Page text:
Roth, for her part, said she serves as more of an equal to Ocean View Police Chief Ken McLaughlin, able to consult with him on personnel matters and other issues where he asks for her input. But, again, she oversees the bulk of personnel issues in the town.
Committee members were curious as to how much power the two had for hiring and firing — in both cases, the ability to hire according to council instruction for lower-level employees, and to make recommendations for their town councils in the hiring of upper-level employees, such as department heads. But Roth emphasized that while she may have a little more leeway regarding employees as a town manager, that’s still an area where she keeps the mayor and council fully in the loop. Taylor said the personnel manual he developed when he took the job eight years ago has proven vital for him in that department.
Taylor’s list of important qualifications also included experience with computers and software, upon which much of his job is reliant. The knowledge of not just employees’ health insurance but also of workman’s compensation and general town insurance was also important, he said.
Right alongside the financial experience, both Roth and Taylor placed chief importance in Fenwick Island’s hiring of a town manager-type person on a single quality: even temperament. Taylor emphasized that the job requires both following town council instructions and supervising other employees. It can be a perilous position.
It could be all the more difficult if the council members micro-manage the position, as committee members have admitted they fear could happen in Fenwick Island. Roth said that would be a recipe for short-term employment for the new hire, if it were to happen, while Taylor said he’d personally be quick to leave any position where he was micro-managed. Town employees were too well qualified for their jobs to put up with that for any length of time, he said, be their supervisor a mayor, council or the town manager himself.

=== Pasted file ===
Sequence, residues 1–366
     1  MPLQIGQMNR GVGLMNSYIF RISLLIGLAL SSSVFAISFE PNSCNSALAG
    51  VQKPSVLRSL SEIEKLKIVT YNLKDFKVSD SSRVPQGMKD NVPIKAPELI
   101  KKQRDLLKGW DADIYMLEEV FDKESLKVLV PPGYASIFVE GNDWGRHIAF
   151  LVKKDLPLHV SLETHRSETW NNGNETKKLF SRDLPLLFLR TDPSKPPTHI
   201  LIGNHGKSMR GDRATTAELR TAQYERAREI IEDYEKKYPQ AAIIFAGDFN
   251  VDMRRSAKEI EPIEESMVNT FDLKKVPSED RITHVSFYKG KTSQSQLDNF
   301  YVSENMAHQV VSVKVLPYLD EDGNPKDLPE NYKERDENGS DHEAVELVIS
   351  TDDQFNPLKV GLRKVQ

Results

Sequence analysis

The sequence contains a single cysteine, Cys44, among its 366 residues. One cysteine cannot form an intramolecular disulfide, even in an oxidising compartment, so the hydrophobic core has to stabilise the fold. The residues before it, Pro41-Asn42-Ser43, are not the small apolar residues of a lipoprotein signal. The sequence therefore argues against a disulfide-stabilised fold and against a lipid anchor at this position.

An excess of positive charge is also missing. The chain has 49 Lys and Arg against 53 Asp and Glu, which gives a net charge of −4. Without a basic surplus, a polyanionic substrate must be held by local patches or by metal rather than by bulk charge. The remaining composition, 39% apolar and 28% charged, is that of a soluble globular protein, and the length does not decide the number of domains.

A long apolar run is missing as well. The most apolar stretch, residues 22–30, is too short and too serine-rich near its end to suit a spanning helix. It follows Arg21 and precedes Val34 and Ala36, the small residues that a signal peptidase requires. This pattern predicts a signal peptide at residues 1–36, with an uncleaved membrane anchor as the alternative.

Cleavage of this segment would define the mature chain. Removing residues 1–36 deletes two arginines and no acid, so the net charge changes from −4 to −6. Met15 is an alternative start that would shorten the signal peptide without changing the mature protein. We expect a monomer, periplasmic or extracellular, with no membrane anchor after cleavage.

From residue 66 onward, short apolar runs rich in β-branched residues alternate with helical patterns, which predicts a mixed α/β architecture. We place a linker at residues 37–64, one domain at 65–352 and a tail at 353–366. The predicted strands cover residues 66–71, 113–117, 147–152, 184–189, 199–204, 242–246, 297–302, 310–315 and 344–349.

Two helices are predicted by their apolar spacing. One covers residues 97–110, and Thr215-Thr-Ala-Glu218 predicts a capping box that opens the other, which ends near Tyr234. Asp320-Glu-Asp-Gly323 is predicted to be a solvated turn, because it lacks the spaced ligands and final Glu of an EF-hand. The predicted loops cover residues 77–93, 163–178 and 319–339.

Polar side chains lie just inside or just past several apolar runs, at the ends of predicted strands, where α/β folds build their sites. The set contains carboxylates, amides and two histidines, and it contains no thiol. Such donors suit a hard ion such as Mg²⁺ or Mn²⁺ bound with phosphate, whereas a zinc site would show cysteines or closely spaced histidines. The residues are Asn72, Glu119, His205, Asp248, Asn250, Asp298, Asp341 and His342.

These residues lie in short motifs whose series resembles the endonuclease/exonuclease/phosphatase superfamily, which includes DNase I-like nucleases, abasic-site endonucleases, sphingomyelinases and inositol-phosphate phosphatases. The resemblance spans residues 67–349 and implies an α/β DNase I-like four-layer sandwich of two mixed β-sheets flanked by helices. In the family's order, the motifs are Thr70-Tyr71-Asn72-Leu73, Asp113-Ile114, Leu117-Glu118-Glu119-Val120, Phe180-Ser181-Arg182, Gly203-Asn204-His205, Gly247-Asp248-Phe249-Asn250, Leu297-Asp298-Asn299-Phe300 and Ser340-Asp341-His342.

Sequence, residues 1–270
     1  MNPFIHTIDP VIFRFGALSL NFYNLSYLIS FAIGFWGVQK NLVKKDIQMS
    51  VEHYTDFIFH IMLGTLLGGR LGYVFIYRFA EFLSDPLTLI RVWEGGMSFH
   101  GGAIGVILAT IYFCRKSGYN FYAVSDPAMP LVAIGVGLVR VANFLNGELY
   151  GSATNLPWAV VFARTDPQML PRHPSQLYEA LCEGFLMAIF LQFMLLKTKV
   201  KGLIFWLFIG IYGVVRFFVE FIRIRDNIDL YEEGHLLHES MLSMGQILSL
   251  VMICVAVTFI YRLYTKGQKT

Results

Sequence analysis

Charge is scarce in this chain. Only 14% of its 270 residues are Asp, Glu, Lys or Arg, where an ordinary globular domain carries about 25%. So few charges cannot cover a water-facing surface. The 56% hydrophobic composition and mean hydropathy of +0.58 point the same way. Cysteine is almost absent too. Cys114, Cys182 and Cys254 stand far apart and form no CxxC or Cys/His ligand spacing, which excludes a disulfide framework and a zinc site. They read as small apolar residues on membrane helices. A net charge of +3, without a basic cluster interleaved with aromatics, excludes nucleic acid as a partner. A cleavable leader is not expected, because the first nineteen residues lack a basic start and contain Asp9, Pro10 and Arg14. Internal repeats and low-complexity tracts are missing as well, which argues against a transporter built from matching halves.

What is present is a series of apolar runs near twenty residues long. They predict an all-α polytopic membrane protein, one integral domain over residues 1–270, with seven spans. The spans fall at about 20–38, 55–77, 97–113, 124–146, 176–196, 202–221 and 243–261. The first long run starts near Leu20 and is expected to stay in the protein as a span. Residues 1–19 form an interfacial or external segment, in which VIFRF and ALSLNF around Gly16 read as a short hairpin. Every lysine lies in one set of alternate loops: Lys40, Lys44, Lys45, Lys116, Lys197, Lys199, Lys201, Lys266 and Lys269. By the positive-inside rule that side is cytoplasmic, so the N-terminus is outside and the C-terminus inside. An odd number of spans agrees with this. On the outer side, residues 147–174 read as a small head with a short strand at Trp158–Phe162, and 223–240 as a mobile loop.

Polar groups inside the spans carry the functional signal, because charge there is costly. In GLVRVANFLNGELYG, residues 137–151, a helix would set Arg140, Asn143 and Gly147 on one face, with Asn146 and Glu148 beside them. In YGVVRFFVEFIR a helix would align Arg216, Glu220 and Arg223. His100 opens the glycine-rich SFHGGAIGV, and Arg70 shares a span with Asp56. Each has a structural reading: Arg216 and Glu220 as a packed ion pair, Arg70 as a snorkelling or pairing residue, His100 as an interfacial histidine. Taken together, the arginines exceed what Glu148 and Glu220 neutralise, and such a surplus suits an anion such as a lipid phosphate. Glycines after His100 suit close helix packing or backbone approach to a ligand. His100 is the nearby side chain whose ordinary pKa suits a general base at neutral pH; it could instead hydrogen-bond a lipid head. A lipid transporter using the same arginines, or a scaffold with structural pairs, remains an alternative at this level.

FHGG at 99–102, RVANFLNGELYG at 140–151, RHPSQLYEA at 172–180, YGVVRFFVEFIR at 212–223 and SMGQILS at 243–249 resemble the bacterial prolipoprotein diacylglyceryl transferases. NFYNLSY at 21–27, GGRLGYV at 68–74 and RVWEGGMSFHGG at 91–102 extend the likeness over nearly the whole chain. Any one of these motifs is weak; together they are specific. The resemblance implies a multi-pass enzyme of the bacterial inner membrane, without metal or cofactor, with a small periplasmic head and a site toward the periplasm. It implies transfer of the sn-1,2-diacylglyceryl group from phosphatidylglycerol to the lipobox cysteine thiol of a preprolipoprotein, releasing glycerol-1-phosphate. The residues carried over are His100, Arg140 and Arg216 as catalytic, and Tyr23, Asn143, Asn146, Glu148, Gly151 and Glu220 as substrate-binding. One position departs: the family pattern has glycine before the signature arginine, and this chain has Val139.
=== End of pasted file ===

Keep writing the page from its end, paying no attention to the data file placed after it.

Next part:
Relating to the key characteristic of even temperament, they advised the committee to hold multiple interviews for all candidates that reach that phase of the search, to root out any potential issues and get a good feel for temperament. On that front, they also cautioned the committee members to review proper interview questions and techniques with anyone participating in the interviews, lest a council member slip up with an inappropriate question about marital status, for instance.
Both Taylor and Roth recommended the Fenwick Island position include a requirement to relocate to within 30 miles of the town within six months of taking the position. They said there were enough after-hours meetings and outside commitments to the job that living farther away would prove a burden. That could impact the kind of salary the town will need to offer, as well as relocation expenses, with real estate and rental prices as high as they are in the town and its environs.
Taylor further noted that candidates coming from the Washington, D.C., or Baltimore areas could be expecting a higher salary than the town might be prepared to offer — he had taken the Selbyville job less for the pay than the desire to keep working after his putative retirement, he said. Roth, meanwhile, admitted that her ongoing life in the area had made the salary range offered by Ocean View a perfect fit.
Both said the town can reassure their final candidate that they’ll have a lot of help and support. Between the town managers’ association that both belong to and a longstanding practice of calling their peers in neighboring towns whenever they have a question about the job or current happenings, Roth and Taylor said they knew the new Fenwick Island town manager would have a built-in support network.
That was reassuring to the committee members, who have a significant task ahead of them even in the first stage of the search. They’ll continue their research in the coming weeks with an invitation to Bethany Beach Mayor Jack Walsh to provide input, as well as plans to interview Fenwick Island Town Council members individually — two per week — before bringing the council together as a group for final input on a draft job description.
Some of those meetings may be closed to the public, they cautioned, saying the content could tread on the ground of executive session-requiring personnel matters.